Congress is poised to pass a set of wide-reaching tax changes this week that have been roundly criticized by nonprofit and philanthropic groups, with a vote in the House planned for Tuesday and a Senate vote expected to follow shortly thereafter.
On Friday evening, before members of Congress left Washington for the weekend, House and Senate conferees released a draft of a bill that merged legislation previously passed by the two chambers. Charity advocates quickly pounced on the conference report, saying it would reduce giving by up to $20 billion a year.
“The changes proposed in the tax code would fundamentally weaken the ability of charitable organizations to raise money, provide services, and benefit our communities,” wrote Dan Cardinali, president of Independent Sector; Tim Delaney, president of the National Council of Nonprofits; and Vikki Spruill, president of the Council on Foundations, in a joint statement.
Republicans control both chambers of Congress and appear to have the votes they need to send the legislation to President Trump for his signature. Still, the charity leaders urged their members to press lawmakers to vote down the tax overhaul, saying it “increases the tax burden on charitable organizations, as well as the most vulnerable people in our country, to give tax cuts to corporations and the wealthiest among us.”
The bill would double the standard deduction taxpayers can take as an alternative to itemizing their taxes, which would effectively eliminate the tax incentive for all but the wealthiest Americans to donate to charity. To maintain the incentive, many nonprofits pushed unsuccessfully for a “universal deduction” that would allow all taxpayers to claim charitable deductions even if they don’t itemize.
Nonprofit advocates did beat back a provision that was in the House version of the bill that would have weakened rules that prohibit nonprofits from supporting and contributing to candidates and campaigns. Many nonprofit leaders feared that the proposed change in what is known as the “Johnson Amendment” would have eroded the public trust in nonprofits and flooded “dark money” into charitable organizations.
House and Senate conferees agreed to drop the Johnson Amendment changes late last week, mainly because it violated complex congressional procedural rules.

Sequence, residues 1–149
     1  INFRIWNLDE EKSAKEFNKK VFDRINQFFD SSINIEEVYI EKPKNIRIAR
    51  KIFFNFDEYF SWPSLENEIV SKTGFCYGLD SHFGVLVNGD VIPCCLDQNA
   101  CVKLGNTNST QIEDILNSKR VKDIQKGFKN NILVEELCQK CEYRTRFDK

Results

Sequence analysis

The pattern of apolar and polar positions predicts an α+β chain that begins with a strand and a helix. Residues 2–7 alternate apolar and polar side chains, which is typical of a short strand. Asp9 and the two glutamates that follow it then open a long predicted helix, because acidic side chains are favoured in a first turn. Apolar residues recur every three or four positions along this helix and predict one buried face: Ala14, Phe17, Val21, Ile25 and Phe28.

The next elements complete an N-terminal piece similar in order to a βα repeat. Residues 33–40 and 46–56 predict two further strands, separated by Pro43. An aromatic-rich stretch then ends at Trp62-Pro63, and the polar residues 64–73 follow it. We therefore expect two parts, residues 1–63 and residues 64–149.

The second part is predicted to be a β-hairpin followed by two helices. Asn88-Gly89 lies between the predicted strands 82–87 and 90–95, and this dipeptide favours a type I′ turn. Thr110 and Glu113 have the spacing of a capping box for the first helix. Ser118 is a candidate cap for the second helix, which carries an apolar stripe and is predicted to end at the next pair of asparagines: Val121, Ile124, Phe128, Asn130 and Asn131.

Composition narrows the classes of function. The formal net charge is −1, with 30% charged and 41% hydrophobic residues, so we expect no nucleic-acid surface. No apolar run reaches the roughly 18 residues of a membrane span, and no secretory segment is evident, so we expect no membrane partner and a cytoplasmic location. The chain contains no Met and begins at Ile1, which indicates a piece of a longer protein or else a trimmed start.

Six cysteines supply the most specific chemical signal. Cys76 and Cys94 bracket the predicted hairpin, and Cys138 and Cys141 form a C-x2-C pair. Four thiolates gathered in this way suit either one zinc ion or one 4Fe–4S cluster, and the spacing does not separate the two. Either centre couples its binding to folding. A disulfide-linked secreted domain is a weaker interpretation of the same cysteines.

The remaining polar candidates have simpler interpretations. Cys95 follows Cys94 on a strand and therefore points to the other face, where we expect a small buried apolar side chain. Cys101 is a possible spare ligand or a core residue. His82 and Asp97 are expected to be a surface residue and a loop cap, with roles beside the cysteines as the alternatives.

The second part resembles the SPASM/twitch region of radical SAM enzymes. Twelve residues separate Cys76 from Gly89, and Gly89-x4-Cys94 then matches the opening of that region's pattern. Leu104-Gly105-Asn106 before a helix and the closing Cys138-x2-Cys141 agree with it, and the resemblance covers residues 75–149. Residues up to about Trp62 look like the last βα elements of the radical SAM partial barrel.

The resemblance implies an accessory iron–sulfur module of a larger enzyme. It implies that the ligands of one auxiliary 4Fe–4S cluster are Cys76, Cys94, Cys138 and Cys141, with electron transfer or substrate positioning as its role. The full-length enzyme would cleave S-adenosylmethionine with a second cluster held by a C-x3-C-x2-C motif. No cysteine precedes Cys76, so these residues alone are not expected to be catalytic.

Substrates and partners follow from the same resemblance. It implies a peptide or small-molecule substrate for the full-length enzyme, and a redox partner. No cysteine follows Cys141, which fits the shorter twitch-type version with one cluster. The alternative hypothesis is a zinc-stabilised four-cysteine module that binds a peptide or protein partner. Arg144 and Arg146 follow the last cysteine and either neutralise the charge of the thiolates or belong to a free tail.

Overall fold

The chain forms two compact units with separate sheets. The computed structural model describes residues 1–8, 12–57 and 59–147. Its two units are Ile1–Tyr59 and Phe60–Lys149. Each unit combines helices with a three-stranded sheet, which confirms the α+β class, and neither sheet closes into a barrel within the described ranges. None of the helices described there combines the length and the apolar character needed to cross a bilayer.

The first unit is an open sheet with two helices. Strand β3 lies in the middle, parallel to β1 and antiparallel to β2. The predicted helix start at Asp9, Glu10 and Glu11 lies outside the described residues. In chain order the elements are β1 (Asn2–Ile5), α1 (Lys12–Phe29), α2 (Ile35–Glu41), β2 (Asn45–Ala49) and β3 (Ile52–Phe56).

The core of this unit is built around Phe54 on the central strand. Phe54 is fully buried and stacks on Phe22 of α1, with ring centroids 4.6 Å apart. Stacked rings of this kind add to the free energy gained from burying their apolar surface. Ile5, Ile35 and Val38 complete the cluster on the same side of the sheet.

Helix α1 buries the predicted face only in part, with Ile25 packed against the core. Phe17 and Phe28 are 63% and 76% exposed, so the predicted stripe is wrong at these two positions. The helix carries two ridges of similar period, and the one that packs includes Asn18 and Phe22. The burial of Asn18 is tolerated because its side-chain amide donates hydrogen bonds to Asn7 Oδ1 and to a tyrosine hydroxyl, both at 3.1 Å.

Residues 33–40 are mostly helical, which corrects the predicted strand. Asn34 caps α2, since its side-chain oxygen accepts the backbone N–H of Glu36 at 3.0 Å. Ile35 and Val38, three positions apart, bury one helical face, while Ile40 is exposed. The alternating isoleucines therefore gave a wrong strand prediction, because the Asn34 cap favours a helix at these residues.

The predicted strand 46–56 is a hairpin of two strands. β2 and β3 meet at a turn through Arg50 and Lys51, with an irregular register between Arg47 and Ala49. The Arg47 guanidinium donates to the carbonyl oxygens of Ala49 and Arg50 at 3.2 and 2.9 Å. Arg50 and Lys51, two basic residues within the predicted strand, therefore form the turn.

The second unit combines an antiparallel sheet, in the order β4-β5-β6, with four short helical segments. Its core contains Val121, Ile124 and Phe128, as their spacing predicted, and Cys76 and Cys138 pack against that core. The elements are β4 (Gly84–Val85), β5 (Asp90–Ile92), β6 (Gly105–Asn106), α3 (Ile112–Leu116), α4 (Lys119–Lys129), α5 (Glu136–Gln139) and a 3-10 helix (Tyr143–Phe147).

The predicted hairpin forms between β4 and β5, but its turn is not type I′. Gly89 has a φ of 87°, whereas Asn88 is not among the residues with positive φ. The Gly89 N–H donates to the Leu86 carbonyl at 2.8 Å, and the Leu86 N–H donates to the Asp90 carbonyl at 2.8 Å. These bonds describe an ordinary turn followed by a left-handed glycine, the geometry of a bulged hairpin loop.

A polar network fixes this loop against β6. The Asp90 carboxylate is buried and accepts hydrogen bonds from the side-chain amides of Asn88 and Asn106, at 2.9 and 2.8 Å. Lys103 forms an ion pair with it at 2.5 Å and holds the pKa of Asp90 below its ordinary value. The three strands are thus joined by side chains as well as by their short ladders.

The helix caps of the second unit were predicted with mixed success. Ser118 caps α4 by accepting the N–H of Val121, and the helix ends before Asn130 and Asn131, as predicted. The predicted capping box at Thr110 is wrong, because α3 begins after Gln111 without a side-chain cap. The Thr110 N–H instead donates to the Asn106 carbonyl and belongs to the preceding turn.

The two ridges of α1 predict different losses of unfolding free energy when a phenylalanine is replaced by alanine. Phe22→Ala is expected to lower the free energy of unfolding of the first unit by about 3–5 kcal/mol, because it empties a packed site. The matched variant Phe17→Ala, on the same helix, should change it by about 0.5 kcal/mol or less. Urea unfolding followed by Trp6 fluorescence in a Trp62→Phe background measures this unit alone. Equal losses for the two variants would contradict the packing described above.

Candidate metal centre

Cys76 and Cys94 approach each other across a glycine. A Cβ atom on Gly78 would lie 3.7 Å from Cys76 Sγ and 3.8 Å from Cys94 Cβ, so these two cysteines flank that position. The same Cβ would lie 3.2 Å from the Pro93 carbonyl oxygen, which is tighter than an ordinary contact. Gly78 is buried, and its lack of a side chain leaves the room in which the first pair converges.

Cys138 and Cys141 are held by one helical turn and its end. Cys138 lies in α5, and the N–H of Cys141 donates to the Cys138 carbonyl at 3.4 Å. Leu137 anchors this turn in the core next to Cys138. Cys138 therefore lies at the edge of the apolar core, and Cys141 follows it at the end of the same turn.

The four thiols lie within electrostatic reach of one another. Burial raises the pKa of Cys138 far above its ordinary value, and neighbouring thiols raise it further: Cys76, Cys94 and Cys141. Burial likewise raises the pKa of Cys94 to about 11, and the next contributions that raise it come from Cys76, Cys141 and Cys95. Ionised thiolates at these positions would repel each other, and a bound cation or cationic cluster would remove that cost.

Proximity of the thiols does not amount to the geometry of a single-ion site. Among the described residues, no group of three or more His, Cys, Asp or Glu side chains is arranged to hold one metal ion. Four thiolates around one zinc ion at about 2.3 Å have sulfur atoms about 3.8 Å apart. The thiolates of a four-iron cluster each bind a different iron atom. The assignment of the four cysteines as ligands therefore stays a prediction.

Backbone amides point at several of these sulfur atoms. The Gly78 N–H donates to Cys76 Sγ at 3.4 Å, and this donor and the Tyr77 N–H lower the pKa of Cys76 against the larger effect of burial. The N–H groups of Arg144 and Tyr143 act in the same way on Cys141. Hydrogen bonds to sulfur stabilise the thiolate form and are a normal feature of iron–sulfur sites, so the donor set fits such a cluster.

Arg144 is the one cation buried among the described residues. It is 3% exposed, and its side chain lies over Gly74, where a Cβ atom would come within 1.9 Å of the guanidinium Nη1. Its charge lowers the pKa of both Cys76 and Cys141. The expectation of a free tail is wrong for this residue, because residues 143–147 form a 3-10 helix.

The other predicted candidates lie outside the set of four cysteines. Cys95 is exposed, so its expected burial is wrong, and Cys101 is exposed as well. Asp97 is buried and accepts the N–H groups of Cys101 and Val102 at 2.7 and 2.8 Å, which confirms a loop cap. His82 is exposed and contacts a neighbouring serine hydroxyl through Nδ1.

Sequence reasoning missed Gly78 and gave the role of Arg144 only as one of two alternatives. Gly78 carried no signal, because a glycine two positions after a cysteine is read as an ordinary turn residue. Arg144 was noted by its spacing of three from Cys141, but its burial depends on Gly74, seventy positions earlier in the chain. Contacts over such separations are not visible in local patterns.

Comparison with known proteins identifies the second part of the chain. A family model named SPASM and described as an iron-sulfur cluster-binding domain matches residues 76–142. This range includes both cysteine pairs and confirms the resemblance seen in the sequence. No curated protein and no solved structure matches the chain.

Here how lawmakers dealt with other provisions that affect charities and nonprofits, according to the National Council of Nonprofits and other sources that have analyzed the bill:
- The estate tax, which provides an incentive for the wealthy to give to charity to reduce their tax burden, was maintained. However, the exemption was doubled to about $22 million for couples, shielding all but the most wealthy from the levy.
- The bill would place a new 1.4 percent excise tax on investment income on some private colleges and universities with very large endowments.
- Charities would be hit with an excise tax of 21 percent on compensation above $1 million for a nonprofit’s top five highest-paid employees.
- No changes were made to the excise tax on foundations’ investment income. Foundation advocates had pressed to change the current two-tiered tax, which is either 1 percent or 2 percent, depending on a grant maker’s payout history, to a flat 1 percent.
- No changes were made to policies regulating donor-advised funds. Some nonprofit tax experts had pushed for Congress to include a mandatory payout for the funds. The House version of the bill did not go as far; it included a provision that funds develop a policy on idle accounts and report their payout totals annually. Those provisions were not included in the final bill.
- Donors would be able to receive a charitable tax deduction for cash gifts of up to 60 percent of their adjusted gross income, up from the current limit of 50 percent.
- No changes were made to tax-exempt private-activity bonds, which some nonprofits use to finance community-development projects. The House version of the bill would have eliminated their use.
This Chronicle of Philanthropy article, by Alex Daniels, provides a roundup of the policy provisions in the tax bill that will affect the nonprofit sector. Look for Part II coming in January. You can read the original article here.